The Bruins harnessed the negative energy from being down 2-0 and being without Nathan Horton to crush Vancouver at home, but can they duplicate that success on the road? We’ll see soon enough.

For more on this pivotal Game 5, check out this bevy of PHT content.

Vancouver defense continues its disconcerting shuffles as Chris Tanev replaces Keith Ballard

Dan Hamhuis, Troy Brouwer, Roberto Luongo

While Roberto Luongo’s struggles are well-documented, there is a more disturbing reality brimming underneath the surface for the Vancouver Canucks. After rolling with injury-related punches to their defensive corps time and time again during the regular season, it seems like Vancouver’s D is finally stumbling from repeated postseason body blows.

The hope was that handsomely paid seventh defenseman Keith Ballard would be able to save the day or at least stop the bleeding. Instead, the hip checking maestro was a turnover machine (and not delicious apple turnovers either, sadly).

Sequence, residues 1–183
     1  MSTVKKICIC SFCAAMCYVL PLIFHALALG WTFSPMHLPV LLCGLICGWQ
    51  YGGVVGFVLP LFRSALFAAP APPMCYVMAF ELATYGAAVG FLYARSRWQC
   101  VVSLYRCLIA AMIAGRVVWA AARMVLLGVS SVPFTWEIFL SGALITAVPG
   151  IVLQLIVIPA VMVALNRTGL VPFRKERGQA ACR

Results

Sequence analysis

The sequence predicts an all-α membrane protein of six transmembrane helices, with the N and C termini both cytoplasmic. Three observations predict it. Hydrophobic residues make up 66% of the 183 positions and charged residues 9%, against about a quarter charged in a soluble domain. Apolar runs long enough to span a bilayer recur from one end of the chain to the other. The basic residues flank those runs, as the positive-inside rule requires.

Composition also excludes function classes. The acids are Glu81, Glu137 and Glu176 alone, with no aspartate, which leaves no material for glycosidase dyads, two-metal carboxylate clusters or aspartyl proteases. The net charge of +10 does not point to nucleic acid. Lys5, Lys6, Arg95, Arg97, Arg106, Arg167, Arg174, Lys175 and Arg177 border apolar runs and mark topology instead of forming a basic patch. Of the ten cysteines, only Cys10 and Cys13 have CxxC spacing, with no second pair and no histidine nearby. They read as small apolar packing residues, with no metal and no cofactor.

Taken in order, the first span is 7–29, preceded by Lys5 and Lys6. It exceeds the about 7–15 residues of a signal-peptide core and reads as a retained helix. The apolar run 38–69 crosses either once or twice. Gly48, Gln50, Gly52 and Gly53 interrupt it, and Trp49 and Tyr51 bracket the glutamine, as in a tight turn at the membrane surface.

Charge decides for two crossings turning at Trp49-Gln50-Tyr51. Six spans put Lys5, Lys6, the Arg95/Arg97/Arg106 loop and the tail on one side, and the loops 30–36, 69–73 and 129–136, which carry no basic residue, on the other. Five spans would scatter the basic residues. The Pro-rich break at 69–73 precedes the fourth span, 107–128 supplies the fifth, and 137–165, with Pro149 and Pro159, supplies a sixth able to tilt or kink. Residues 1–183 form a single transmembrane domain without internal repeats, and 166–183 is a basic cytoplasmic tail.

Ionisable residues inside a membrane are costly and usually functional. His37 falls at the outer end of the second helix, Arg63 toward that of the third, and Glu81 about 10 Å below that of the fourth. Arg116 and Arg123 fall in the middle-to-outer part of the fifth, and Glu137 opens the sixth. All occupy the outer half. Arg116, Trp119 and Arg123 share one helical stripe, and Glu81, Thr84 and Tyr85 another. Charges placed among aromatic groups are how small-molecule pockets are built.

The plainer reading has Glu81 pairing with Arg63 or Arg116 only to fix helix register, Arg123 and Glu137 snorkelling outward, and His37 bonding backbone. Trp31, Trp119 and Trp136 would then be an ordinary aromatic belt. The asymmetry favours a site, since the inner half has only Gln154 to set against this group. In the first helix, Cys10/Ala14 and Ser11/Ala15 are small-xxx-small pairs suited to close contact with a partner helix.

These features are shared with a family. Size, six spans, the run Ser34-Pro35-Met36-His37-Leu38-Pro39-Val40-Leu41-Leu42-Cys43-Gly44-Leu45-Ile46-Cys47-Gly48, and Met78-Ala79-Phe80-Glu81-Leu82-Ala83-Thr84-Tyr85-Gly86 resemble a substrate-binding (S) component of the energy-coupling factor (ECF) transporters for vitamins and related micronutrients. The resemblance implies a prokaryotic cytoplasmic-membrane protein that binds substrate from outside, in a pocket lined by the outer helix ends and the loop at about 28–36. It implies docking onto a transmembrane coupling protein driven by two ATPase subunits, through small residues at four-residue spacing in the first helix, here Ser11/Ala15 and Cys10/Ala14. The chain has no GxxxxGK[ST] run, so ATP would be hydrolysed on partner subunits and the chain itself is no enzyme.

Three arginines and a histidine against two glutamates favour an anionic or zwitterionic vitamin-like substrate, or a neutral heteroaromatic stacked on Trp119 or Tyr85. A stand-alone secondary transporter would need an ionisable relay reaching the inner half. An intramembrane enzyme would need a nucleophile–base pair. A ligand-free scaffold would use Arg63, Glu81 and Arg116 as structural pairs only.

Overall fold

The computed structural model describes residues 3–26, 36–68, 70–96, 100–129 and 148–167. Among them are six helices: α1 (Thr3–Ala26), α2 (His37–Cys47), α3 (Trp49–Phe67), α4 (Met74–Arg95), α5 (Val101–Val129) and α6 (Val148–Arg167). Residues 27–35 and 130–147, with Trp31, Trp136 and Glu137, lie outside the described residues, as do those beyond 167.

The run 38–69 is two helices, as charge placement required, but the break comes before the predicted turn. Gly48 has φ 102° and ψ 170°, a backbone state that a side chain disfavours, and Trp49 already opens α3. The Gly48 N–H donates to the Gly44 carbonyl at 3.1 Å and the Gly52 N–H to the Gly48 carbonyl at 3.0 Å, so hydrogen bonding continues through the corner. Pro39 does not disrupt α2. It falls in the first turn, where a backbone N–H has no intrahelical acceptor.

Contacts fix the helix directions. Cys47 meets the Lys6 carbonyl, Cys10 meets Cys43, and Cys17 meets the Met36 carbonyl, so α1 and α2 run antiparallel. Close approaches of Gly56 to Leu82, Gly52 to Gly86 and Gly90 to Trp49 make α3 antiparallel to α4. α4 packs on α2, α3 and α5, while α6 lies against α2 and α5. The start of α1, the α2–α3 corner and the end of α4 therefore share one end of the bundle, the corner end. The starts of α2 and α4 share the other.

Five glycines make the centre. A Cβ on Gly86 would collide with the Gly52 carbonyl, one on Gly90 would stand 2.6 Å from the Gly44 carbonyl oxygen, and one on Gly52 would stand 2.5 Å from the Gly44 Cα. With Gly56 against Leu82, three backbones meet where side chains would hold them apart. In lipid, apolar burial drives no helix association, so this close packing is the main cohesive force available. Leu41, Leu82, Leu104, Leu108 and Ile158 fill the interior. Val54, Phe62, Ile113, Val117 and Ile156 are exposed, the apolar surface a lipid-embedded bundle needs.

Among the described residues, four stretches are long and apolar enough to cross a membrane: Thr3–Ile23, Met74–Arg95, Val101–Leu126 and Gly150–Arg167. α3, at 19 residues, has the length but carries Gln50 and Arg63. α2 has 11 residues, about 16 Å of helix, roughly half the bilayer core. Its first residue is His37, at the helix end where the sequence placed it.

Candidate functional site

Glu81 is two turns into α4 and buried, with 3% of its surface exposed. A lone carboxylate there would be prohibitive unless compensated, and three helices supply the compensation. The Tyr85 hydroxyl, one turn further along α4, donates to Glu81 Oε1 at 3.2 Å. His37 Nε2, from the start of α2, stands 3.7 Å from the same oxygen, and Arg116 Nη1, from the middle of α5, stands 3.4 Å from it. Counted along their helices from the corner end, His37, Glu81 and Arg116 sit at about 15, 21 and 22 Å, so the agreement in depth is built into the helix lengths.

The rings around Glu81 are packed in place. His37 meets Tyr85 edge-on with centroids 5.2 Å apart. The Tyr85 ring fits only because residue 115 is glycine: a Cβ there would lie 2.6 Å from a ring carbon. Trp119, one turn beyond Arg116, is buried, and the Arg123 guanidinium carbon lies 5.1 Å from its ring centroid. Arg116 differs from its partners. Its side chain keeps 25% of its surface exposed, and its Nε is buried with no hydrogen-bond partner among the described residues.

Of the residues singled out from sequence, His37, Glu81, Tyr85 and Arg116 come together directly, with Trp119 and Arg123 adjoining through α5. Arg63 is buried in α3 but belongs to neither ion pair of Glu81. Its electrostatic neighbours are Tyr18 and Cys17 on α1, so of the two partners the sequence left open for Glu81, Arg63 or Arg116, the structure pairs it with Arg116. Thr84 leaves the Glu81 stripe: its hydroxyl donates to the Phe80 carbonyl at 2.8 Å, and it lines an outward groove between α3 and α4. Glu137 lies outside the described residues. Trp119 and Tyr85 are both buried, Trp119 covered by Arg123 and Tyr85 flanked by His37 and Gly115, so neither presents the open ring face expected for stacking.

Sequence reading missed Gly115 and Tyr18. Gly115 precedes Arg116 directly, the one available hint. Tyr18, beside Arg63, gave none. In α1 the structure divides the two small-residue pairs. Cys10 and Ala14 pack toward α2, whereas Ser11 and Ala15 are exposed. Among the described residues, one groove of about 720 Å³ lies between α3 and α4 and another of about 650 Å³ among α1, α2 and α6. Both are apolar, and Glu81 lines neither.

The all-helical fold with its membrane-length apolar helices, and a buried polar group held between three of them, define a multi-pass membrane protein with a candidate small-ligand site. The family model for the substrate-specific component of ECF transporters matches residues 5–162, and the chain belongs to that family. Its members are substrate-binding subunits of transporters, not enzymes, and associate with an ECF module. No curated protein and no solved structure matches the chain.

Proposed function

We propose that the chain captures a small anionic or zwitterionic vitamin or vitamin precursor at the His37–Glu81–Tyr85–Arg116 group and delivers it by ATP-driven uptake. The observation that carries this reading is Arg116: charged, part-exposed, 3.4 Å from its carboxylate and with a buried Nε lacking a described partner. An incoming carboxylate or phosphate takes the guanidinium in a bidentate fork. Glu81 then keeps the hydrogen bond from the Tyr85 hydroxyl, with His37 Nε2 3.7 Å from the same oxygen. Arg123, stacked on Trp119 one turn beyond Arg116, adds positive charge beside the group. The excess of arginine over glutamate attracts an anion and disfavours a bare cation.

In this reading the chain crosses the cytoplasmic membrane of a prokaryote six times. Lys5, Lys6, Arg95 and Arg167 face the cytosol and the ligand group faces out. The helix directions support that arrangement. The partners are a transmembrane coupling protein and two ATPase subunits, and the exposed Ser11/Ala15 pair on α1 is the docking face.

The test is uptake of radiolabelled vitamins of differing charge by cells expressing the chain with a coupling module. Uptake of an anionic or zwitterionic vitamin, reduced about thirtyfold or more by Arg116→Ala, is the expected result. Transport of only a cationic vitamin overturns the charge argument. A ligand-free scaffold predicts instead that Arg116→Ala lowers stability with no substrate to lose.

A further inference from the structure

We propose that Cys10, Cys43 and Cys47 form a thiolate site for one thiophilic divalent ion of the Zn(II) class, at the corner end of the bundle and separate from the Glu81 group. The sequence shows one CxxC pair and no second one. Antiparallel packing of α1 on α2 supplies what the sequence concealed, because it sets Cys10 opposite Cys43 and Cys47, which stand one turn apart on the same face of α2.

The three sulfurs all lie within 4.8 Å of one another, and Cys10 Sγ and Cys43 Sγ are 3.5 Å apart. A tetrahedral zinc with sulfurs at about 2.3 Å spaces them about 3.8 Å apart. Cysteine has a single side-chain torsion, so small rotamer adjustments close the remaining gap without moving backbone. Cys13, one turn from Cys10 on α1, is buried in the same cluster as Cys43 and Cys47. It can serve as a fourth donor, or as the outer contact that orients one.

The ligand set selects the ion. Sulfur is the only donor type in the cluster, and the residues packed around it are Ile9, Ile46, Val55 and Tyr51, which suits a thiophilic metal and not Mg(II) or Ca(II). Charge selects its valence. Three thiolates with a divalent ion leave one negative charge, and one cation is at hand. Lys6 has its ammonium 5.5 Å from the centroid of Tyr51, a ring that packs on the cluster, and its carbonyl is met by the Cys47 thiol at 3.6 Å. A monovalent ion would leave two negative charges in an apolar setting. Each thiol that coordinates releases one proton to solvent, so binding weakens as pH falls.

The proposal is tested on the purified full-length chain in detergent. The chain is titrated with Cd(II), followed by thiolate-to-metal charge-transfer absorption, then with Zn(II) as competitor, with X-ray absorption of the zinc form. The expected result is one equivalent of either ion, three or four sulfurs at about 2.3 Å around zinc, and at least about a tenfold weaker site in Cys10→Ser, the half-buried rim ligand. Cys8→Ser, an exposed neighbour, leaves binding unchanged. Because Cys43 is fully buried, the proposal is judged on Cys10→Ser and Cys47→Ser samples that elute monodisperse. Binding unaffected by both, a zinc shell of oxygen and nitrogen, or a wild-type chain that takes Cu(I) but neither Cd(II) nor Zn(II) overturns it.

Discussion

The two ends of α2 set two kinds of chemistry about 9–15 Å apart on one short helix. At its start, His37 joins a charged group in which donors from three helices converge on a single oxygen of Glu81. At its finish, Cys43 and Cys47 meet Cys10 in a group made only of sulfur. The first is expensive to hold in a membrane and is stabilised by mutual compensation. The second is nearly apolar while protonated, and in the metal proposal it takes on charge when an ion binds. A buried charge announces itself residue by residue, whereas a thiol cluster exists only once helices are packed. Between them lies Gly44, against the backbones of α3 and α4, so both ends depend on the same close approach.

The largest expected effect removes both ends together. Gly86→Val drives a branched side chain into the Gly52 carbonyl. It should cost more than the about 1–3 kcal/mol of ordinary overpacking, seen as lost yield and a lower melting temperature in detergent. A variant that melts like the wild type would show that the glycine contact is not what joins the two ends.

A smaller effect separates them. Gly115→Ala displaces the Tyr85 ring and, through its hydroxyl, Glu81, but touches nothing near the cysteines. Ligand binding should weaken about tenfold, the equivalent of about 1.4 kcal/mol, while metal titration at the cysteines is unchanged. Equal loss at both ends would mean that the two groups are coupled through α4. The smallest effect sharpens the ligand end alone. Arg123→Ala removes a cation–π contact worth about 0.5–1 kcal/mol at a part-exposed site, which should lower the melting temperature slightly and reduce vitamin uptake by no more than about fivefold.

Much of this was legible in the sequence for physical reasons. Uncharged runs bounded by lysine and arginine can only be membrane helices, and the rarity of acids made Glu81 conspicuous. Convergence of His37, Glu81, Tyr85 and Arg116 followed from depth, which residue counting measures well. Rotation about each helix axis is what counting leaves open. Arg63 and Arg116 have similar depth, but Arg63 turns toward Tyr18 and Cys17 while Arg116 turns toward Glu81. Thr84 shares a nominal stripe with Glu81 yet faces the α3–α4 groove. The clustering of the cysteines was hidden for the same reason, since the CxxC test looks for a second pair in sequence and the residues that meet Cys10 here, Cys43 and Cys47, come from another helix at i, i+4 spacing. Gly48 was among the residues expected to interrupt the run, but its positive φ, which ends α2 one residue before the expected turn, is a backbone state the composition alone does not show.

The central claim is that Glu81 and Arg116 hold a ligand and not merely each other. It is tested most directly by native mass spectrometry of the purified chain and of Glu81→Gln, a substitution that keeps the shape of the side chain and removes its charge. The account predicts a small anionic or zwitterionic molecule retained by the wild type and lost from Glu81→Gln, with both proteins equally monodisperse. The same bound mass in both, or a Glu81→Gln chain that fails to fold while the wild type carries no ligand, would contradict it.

If you wanted any more proof that Canucks coach Alain Vigneault doesn’t trust Ballard in the playoffs, today’s lineup note will drive that point home. Unproven rookie Chris Taven will take his place in the lineup for Game 5, according to Darren Dreger.

This basically breaks the Canucks defense down to: Kevin Bieksa, Alex Edler, Sami Salo, Christian Ehrhoff, Andrew Alberts and Tanev. When remotely healthy, the strength of Vancouver’s defense was that there wasn’t a particularly rotten apple in the bunch. The sum was greater than their individual parts. Now their defense seems like a “Sum of All Fears” for especially distraught Canucks fans.

Things seem downright dire on D now with crucial defensive defenseman Dan Hamhuis injured and marginal (yet Vigneault-approved?) blueliner Aaron Rome suspended for the finals plus the many semi-documented injuries to active defensemen. The Bruins were able to exploit matchup problems thanks to the last change in Boston, but maybe the Canucks can survive by masking their deficiencies in Vancouver.